Without the internet I wouldn’t be able to write. In the realms of pre-internet media, one either comes to the publisher/editor/gatekeeper with mad skills and gets published, or he gets a generic pink slip with a one-line apology. You can’t use this system of rejection to make yourself much better. But with blogging, things are different. If every time you write a more sarcastic post you get double the pageviews, you know that the sarcastic thing is working for you. You can try out different voices, registers, and angles, and see what happens. You can literally chart the effects of your different approaches. And when five guys on Hacker News call you an ass, you’re probably being too much of an ass.
That’s one of five ways that Kenneth Myers figures the Internet has change his life, in his blog post A Stoic Meditation on Not Having the Internet. Myers wrote the post as an exercise in Stoicism, a practice that “involves deliberately setting aside time to visualize and make peace with all the horrible things that could happen to you.” As Myers describes this, the practice is both a way of preparing yourself for potential misfortune, and of reawakening to the joys of your present life. Close your eyes and imagine yourself living without the Internet, the thinking goes, and when you open your eyes again you’ll be newly present and alive to your experience online.
Since I have built my entire professional existence around the Internet (not to mention much of my personal life), I have often wondered who I would be and how I would have lived without it. But what I like about Meyer’s proposed exercise is that it not only promises to sharpen our awareness of how the Internet enhances our lives; it also creates the space for us to notice the places where the Internet potentially intrudes.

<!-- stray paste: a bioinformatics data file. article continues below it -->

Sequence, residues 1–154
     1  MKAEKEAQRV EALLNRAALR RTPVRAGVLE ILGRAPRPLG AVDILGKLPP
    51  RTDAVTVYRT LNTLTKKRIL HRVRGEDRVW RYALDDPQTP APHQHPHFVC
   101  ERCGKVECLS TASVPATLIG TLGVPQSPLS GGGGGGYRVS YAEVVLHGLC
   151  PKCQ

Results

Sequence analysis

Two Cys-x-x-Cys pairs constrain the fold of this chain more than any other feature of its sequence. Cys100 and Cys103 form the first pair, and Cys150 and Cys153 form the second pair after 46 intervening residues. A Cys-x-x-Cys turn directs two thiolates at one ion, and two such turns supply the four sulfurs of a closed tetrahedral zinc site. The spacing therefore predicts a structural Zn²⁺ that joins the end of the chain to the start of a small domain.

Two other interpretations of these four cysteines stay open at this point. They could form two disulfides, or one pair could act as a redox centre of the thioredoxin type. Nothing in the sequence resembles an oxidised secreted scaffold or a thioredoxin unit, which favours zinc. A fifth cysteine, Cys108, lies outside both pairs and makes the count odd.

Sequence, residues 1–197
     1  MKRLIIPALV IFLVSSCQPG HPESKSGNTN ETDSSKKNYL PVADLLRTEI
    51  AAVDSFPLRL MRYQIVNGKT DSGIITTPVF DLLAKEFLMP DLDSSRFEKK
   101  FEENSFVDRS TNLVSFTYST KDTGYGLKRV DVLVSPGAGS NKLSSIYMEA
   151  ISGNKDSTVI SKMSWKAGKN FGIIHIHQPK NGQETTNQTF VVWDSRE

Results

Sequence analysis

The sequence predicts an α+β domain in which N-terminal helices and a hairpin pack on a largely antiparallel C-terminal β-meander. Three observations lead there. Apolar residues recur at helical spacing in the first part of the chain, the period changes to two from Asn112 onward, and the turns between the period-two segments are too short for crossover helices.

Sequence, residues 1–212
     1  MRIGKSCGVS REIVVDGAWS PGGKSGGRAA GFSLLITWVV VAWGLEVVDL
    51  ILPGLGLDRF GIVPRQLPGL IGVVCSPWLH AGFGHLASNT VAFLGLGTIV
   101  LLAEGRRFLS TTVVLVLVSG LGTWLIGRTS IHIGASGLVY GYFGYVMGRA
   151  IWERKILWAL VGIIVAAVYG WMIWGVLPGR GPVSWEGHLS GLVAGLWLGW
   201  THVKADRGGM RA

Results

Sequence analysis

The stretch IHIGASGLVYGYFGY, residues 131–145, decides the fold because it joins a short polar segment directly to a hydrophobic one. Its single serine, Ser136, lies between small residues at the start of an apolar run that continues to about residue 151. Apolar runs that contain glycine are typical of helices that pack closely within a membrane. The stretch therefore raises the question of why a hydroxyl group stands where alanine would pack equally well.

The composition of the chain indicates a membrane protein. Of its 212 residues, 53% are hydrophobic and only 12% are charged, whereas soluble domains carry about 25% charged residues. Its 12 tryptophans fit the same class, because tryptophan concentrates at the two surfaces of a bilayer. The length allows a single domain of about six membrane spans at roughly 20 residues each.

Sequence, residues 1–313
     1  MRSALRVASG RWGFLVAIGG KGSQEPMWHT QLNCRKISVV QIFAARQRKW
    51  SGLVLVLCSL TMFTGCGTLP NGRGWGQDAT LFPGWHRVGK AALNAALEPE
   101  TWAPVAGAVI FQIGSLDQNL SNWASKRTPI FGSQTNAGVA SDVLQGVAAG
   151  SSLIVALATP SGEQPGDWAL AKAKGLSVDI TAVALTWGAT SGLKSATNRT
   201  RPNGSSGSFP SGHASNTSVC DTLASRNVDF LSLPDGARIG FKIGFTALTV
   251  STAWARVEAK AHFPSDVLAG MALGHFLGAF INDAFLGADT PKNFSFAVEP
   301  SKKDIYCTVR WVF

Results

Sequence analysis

If you want to try this practice for yourself, let me suggest a few questions that can help you probe more deeply:
- What field would you be in or what work would you do if there were no Internet? This question isn’t just relevant to those who work directly in technology. Would you enjoy being a librarian if you were still working with index card catalogs? Would you like your management position if you couldn’t email your team? Would you have liked to be a travel agent but didn’t want to compete with Expedia?
- Who would be in your life if it weren’t for Facebook, Twitter and online dating? Are there old friends you’ve stayed in touch with because the Internet has made it easier? New friends, colleagues or lovers you’ve met online — or met because you went to an event you heard about online? What would your life be like without those people?
- What would your body feel like without the Internet? The time we spend online can make us more sedentary, which may be a significant health risk. But the Internet can also bring us information on how to live more healthily, recipes that inspire us to eat better, and music tha gets us off our butts and out to the gym. What do you think your body would feel like if you spent less time at the keyboard? What would your body feel like if you didn’t have access to a world’s worth of health information?
- How has the Internet affected the way you think? Our thinking habits are shaped by the ideas and perspectives of the people around us, as well as the information we have access to. Has your time online challenged your assumptions about the world? Helped you connect to people with different experiences and information? How has the pace of online life affected your capacity for reflection and deep thinking? How has it affected your ability to think and respond quickly?
- What would today have been like without the Internet? There’s no better way to grasp the Internet’s impact on your daily life than to review a single day, moment by moment. What would you have done during breakfast if you weren’t reading the newspaper on your iPad? How would your morning meeting have gone if had been over phone rather than Skype video? What would you have done in the two hours you spent handling e-mail? Who or what would have replaced that customer who found you through your webpage? What would you have eaten for dinner if you hadn’t found that recipe on Epicurious — or if we didn’t have a global, networked supply chain capable of getting kumquats to your local grocer? What would you and your kids do this evening if you weren’t playing the latest instalment of Angry Birds together? What time would you go to bed if you weren’t squeezing in one last tweet?
My hunch is that when we’re being really honest with ourselves, our story about how the Internet affects who we are and how we live won’t be overwhelmingly positive or irredeemably negative. It’s hard for anything as pervasive as the Internet to shape the world in mostly one direction or the other. But when we think and speak carefully and candidly about the myriad ways in which the Internet has helped to make us who we are, we can begin to exercise a degree of intention over how it shapes the way we live.